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What’s the greatest example of an actor playing multiple roles in one show that you’ve ever seen? Tell us here!

Have you ever been delightfully surprised when looking at your program at the end of a show to discover that two different characters had both been played by the same actor?

That’s called doubling.

It happens all the time. Many a production of King Lear has doubled Cordelia and the Fool, for example. Tony Kushner’s Angels in America calls on eight actors to play two dozen roles in total.

That’s in part because stage actors are talented folks who love to show off their versatility. A performer who plays both Mr. Darling and—surprise!—Captain Hook in Peter Pan might see doubling as a breathtaking stunt, or no big deal. Even if they shine in two roles, they usually only get to take one bow at the curtain call, so it’s up to you to decide which part of the performance you are clapping for. Or both.

And then there is tripling and quadrupling, when a performer really shows his or her range by taking on even more roles in the same show. The waiter in the first scene, an ex-boyfriend in Act II, the waiter again, a long-lost uncle who shows up just before the finale, and so on—you get the idea.

When a leading man or woman plays many characters in a single show, the result can be a tour-de-force display of virtuosity.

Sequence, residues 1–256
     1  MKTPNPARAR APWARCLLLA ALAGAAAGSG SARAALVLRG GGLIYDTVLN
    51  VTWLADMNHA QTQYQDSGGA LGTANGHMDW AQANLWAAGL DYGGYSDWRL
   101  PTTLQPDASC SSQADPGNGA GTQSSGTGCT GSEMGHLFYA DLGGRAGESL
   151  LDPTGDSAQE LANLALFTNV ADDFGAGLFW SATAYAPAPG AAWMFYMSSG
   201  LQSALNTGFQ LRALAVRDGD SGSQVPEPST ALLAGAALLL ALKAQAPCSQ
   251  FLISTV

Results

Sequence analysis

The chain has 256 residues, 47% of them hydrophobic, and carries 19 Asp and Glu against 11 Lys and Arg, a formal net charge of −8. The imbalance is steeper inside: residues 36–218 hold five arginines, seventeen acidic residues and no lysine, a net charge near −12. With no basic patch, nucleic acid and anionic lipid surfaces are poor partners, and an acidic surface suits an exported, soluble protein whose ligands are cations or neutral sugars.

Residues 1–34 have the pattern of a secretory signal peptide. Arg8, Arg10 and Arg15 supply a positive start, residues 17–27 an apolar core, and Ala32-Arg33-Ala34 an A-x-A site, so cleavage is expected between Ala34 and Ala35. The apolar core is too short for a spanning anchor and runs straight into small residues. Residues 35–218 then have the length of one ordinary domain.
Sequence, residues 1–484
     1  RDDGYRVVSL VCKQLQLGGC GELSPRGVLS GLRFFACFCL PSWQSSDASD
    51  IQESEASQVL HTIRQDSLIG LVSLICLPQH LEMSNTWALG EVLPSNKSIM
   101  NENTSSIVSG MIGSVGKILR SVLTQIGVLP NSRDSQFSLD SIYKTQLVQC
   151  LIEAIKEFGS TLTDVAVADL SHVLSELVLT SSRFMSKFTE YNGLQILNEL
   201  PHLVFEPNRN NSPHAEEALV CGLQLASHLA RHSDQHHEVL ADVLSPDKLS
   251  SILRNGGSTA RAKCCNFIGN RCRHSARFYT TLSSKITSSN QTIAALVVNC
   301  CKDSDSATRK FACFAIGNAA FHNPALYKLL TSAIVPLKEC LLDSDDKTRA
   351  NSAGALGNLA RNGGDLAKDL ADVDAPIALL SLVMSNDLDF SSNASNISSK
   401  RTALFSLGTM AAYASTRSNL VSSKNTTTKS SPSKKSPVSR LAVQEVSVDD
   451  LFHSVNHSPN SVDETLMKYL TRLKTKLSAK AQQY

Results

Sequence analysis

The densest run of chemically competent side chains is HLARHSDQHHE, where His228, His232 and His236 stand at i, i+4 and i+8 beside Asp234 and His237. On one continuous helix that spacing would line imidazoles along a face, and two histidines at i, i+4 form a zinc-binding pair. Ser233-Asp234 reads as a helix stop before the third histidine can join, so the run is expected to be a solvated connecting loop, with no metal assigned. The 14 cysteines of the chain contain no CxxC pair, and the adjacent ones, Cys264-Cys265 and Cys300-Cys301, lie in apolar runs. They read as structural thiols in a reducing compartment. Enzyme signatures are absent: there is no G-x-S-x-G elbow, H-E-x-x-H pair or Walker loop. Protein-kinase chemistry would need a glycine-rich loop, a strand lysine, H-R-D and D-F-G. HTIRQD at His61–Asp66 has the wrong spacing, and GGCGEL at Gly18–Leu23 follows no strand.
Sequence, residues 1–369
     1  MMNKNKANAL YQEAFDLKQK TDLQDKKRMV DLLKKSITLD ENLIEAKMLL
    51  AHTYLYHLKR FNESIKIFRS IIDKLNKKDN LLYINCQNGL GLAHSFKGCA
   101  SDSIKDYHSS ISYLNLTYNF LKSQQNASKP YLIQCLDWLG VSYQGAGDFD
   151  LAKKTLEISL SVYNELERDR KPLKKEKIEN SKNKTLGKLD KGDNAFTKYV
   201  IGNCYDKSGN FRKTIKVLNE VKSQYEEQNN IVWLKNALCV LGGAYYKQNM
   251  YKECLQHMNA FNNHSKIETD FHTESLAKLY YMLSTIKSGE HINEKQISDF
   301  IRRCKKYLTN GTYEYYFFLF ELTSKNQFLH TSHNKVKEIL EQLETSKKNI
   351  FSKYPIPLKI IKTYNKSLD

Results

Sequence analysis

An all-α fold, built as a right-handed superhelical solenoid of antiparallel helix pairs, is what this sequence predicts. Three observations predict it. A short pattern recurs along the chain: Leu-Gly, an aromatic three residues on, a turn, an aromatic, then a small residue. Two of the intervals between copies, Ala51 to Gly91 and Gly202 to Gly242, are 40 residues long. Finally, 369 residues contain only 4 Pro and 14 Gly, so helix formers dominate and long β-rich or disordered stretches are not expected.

For example, the 2013 Broadway musical A Gentleman’s Guide to Love and Murder stars Jefferson Mays as eight different heirs to the Earldom of Highhurst, who are picked off one by one by an obscure relative, a nefarious schemer who happens to be ninth in line to the title. Alec Guinness pulled off a similar feat of octupling in the 1949 film comedy Kind Hearts and Coronets.

Of course, performers are often called on to double out of economic necessity. And in some instances, an actor may not want you to know he or she has doubled (see “George Spelvin”).

On the other hand, letting the audience in on the doubling is part of the fun. Think of the film of The Wizard of Oz, with Margaret Hamilton playing both the cycling sourpuss Miss Gulch and the broomstick-borne Wicked Witch of the West.

Bottom line: Seeing a performer do double duty can be twice the fun.

Ben Pesner

This video was made by Theatre Development Fund.

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Theatre Development Fund is the nation’s largest not-for-profit service organization for the performing arts. Through a variety of programs and services that promote education, access and conversation, it ensures an enduring appreciation of and engagement with live theatre. In addition to operating the TKTS booth in Duffy Square and the satellite booths at South Street Seaport and in downtown Brooklyn, TDF’s theatre education, accessibility, affordable ticketing and audience development programs help to make the unique experience of theatre available to diverse audiences while supporting New York’s theatre industry. Since it was founded in 1968, TDF has provided over 80 million people with access to performances at affordable prices while returning over $2 billion in revenue to thousands of productions.